⇒ Is reusable for 10 years

⇒ Has a 91% acceptability rate

⇒ Is made from 100% medical-grade silicone

⇒ Can be fully recycled

⇒ Saves staggering mountains of waste

The CouldYou? Cup is Sustainable

The average woman discards approximately 150 kilograms of period products in her lifetime, around 90% of which is plastic. 26% of earth’s population are menstruators, so those more than 2 billion people will generate more than 300 billion kilograms of tampon and pad waste in their lifetimes.

Unlike pads and tampons, menstrual cups are reusable, eliminating waste and the need to carry bulky spares.

Through our partnership with Stericycle, at the end of 10 years, the CouldYou? Cup can be safely recycled into clean energy.


The CouldYou? Menstrual Equity Initiative seeks to end period poverty by 2040.

To achieve this goal, CouldYou? is distributing the CouldYou? Cup, a zero-waste menstrual cup made of 100% medical-grade silicone.

Menstrual cups are better for the environment, girls’ and womens’ bodies, and are the most cost-effective option.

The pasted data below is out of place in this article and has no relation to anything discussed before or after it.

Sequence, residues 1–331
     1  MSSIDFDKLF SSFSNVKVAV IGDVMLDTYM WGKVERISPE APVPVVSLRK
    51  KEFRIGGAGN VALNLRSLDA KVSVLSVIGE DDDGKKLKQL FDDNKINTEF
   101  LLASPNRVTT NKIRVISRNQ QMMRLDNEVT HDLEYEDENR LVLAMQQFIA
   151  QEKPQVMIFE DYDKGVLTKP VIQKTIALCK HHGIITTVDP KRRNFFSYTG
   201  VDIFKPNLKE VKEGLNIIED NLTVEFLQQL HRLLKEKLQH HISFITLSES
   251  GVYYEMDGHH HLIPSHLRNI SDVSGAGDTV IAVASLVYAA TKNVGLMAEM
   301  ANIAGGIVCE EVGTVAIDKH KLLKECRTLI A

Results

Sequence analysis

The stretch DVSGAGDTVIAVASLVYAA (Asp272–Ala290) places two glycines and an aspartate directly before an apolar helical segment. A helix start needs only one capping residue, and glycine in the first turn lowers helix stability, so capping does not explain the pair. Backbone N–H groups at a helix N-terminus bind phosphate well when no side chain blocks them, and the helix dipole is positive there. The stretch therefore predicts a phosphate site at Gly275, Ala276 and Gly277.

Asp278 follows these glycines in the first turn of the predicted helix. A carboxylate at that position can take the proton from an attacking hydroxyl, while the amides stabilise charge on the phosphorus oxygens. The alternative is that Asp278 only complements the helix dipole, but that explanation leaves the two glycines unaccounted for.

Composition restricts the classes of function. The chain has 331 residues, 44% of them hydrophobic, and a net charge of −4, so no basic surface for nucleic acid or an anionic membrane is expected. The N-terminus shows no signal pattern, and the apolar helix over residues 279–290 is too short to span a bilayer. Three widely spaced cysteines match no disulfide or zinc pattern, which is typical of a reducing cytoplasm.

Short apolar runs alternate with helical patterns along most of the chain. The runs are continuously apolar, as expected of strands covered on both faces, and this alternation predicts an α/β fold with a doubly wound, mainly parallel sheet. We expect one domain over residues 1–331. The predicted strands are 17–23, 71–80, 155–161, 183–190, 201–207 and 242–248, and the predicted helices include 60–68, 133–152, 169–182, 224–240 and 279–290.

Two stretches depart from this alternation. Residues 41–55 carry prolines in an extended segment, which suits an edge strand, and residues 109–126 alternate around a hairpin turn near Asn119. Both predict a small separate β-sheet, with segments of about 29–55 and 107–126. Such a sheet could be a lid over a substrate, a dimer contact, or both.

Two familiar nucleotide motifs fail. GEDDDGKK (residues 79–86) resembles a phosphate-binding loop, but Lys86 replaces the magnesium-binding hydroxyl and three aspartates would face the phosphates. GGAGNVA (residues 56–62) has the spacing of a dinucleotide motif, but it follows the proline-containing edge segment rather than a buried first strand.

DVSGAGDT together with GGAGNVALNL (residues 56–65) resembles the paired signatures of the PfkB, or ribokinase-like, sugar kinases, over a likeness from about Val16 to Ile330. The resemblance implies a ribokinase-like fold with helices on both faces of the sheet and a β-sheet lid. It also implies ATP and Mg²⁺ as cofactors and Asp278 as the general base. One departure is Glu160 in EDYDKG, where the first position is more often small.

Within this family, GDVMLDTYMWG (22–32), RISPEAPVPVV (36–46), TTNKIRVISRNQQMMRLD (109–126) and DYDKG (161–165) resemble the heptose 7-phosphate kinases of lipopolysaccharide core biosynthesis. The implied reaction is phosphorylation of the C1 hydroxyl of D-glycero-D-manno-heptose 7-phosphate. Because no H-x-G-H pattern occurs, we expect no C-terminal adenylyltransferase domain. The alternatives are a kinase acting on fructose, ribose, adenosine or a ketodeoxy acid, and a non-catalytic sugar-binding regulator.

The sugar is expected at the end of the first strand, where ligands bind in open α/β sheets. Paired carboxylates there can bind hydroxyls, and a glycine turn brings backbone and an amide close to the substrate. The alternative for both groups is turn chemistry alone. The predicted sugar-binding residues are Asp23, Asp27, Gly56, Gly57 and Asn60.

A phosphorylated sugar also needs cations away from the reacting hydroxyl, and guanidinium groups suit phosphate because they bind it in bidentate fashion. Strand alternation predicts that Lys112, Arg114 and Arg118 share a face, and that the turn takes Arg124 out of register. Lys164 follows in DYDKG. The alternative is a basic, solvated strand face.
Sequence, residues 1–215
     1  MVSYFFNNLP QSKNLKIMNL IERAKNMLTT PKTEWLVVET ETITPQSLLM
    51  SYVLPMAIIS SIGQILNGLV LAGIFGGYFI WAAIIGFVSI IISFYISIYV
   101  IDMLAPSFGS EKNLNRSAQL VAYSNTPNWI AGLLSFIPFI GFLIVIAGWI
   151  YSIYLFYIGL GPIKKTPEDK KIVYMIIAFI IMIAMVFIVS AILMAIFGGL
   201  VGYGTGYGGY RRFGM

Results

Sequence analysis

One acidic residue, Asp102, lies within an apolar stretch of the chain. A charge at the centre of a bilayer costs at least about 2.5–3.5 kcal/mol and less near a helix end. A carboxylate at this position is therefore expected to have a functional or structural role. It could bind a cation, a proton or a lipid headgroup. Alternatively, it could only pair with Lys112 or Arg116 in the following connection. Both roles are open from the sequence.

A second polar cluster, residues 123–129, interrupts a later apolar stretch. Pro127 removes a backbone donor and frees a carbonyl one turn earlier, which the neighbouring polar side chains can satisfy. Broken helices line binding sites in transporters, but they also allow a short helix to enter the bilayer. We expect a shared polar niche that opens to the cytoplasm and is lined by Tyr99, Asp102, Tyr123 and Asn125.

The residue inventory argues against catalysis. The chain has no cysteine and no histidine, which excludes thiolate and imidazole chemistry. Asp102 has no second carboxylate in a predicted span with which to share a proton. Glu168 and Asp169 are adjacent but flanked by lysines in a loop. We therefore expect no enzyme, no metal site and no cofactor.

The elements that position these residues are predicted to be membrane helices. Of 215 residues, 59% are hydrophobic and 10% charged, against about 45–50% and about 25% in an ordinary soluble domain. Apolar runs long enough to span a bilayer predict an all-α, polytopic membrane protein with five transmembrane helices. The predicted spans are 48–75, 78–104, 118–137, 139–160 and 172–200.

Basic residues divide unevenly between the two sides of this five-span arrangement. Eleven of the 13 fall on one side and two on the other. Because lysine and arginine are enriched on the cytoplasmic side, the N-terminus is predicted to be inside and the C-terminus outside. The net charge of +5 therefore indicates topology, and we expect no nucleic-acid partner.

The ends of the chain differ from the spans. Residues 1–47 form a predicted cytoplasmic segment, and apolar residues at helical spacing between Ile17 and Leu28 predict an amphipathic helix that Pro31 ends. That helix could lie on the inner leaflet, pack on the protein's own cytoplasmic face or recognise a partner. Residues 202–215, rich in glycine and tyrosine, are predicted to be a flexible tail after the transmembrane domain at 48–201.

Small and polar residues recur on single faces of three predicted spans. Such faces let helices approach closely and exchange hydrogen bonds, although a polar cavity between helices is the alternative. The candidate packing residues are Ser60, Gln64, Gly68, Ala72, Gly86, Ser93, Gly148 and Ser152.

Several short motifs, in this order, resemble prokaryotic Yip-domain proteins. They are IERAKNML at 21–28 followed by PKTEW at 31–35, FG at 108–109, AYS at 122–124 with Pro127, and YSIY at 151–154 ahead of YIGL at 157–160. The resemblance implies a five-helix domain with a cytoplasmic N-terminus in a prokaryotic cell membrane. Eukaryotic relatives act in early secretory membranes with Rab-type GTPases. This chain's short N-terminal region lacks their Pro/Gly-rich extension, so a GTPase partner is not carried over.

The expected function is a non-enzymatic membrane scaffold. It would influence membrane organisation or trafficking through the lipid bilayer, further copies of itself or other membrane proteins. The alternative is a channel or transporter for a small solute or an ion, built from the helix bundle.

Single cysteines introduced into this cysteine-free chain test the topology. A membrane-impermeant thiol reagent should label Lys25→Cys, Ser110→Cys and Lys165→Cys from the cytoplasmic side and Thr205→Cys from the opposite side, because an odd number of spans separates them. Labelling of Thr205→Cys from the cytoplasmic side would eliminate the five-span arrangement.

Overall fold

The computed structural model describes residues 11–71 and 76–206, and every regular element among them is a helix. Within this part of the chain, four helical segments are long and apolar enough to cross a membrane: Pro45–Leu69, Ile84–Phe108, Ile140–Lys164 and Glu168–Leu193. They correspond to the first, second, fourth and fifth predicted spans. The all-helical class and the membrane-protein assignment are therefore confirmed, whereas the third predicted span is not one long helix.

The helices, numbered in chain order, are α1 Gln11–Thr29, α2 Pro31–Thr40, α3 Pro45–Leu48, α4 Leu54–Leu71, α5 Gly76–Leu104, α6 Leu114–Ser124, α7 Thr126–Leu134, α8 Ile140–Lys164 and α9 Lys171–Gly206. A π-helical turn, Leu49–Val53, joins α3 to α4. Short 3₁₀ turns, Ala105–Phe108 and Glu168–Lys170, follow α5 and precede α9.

One CouldYou? Cup costs $10 and lasts 10 years, and through our partnership with Stericyle, after the 10-year life of the CouldYou? Cup, it is recycled into green energy.

In the US, CouldYou? is committed to expanding the definition of period products in the 60+ state and federal menstrual equity laws to allow for the inclusion of the menstrual cup thereby saving vital funds and providing menstruators a healthier, safer, and sustainable solution.

CouldYou? is on a mission to distribute the cups across the globe.

The CouldYou? solution works.

The CouldYou? Cup has over 91% acceptability of the menstrual cup and nearly 100,000 users of the cup across the world.

Users from different countries, cultures, and faiths report positive experiences from using the CouldYou? Cup and benefit from conversations about menstruation and menstrual health.

A recent study conducted in Ghana shows that CouldYou? menstrual equity interventions work:

Before our intervention


Reported using "unhygienic" products such as plant material

Before our intervention


Reported missing school on a monthly basis during menstruation

After our intervention